Speaking at the closing of the Conference, organisers from Victoria University of Wellington and the Secretariat of the Pacific Regional Environment Programme (SPREP) summarised three days of presentations by over 160 scientists, researchers, artists, legal minds, politicians, activists and indigenous rights experts.
Victoria Business School lecturer Dr Pala Molisa told the audience: “Business as usual is broken. We can’t continue with this extractive, growth-oriented approach to life. We need a mindset of shared responsibility for Earth, our common home, and the natural resources it contains that are critical for life.
“This has to involve grappling with the root causes of climate disruption in systems of power such as colonisation, patriarchy and capitalism.”
Victoria climate scientist Professor James Renwick said this reframed mindset is a matter of urgency as research showed global carbon emissions need to be reduced as soon as possible.
“During the Conference, we heard that every five years’ delay in peaking global emissions means 20cm more sea level rise. And with present emission rates, we currently have no more than 10 years to act to ensure we don’t exceed the 1.5 C maximum rise in global temperatures that 195 countries committed to in the Paris Agreement,” he said.
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SPREP director general Kosi Latu spoke of the need to incorporate traditional knowledge with the science and policy.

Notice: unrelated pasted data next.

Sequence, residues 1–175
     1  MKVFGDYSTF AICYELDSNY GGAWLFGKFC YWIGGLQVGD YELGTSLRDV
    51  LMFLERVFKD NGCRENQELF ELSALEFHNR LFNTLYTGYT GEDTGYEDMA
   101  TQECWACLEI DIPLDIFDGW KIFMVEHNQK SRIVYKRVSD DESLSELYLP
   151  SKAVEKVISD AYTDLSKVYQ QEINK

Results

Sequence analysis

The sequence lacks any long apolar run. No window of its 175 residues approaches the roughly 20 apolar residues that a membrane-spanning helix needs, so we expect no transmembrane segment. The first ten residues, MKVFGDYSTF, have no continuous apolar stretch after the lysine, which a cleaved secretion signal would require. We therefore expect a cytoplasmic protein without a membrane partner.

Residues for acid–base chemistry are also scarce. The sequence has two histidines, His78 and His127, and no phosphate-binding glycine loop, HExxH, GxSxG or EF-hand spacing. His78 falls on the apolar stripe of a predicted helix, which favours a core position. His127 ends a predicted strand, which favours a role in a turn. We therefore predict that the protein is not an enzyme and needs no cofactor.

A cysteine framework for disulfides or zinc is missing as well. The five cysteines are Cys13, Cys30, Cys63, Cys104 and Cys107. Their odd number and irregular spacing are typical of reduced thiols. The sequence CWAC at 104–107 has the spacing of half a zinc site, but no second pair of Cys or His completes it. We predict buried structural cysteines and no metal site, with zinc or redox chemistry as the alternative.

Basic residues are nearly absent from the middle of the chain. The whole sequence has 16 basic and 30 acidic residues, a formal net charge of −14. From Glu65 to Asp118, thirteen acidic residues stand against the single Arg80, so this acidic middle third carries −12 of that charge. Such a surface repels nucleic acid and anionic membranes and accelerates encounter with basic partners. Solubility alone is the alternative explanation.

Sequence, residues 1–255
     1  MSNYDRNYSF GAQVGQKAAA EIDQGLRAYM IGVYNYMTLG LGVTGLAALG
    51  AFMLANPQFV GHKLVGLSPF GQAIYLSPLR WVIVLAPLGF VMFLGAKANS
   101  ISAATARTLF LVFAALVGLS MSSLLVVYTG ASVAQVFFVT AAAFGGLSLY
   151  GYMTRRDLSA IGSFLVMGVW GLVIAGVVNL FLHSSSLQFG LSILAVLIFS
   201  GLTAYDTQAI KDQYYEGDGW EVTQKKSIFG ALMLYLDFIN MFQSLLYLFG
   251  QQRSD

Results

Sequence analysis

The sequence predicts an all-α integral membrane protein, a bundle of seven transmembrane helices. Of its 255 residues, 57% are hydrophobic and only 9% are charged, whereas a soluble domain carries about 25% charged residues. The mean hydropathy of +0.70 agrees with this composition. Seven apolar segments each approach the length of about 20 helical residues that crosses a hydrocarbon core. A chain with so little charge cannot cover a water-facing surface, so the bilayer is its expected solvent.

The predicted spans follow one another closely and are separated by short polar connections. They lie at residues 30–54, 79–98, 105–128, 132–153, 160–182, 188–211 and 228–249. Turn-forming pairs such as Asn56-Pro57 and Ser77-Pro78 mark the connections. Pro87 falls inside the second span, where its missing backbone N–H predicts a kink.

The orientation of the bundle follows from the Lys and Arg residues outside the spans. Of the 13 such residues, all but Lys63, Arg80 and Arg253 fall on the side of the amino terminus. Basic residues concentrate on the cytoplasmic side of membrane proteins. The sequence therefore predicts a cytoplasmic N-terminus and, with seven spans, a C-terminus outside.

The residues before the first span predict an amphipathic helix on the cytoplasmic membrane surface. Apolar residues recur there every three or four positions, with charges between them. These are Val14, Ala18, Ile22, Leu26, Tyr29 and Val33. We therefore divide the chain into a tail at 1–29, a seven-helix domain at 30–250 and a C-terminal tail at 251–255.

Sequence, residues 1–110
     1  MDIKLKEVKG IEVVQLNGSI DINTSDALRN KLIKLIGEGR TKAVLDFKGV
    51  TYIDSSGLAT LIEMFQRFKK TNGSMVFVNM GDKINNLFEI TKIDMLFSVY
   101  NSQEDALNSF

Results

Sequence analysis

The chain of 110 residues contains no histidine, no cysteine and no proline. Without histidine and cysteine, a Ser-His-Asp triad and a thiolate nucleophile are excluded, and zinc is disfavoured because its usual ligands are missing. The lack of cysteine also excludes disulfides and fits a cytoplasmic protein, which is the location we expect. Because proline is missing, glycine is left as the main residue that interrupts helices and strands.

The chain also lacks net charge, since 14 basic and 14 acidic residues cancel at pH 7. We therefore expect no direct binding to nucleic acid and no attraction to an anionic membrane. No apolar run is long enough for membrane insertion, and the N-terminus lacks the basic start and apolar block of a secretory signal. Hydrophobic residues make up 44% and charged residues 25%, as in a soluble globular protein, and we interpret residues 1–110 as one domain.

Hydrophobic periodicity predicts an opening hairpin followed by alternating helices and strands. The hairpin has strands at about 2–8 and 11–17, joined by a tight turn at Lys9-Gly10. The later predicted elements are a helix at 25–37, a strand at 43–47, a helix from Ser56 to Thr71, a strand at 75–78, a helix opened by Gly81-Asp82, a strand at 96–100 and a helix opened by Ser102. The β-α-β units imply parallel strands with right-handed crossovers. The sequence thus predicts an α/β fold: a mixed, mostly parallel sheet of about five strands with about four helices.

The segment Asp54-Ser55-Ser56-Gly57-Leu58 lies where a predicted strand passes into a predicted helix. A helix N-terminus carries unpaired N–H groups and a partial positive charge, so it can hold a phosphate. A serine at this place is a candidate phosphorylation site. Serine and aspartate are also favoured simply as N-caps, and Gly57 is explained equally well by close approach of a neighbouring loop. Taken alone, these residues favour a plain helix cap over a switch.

“We know climate change affects all of us. So the solution needs to take into account all key stakeholders, including the people of the community, and reflect the traditional knowledge, and the local knowledge of our people. We need to build on that and find new ways of expression and collation.
“We also need urgent action now from our global community to lower their greenhouse gas emissions. Collectively we can make the difference we need for our planet, but we need to act now.”
Victoria’s Assistant Vice-Chancellor (Pasifika) Hon. Luamanuvao Winnie Laban adds that the importance of the arts in tackling climate change was another key theme.
“Through art, people can tell stories about climate change issues in a way that others can connect with. Only after we have engaged both our heads and our hearts will we be able to chart a collective course and succeed in stopping climate change,” she says.
Other themes included:
- Laws need to be more effective, inclusive and aspirational, to encompass both mitigation and adaptation measures, and ensure equity across all sectors of society
- Laws must be evidence-based, which includes evidence from traditional knowledge
- Action is needed in all sectors, from those at the top (governments, big businesses), through to communities and individuals and grassroots organisations
- The need to build capacity in the Pacific region to ensure programmes to tackle climate change are fit for purpose and managed adequately and ethically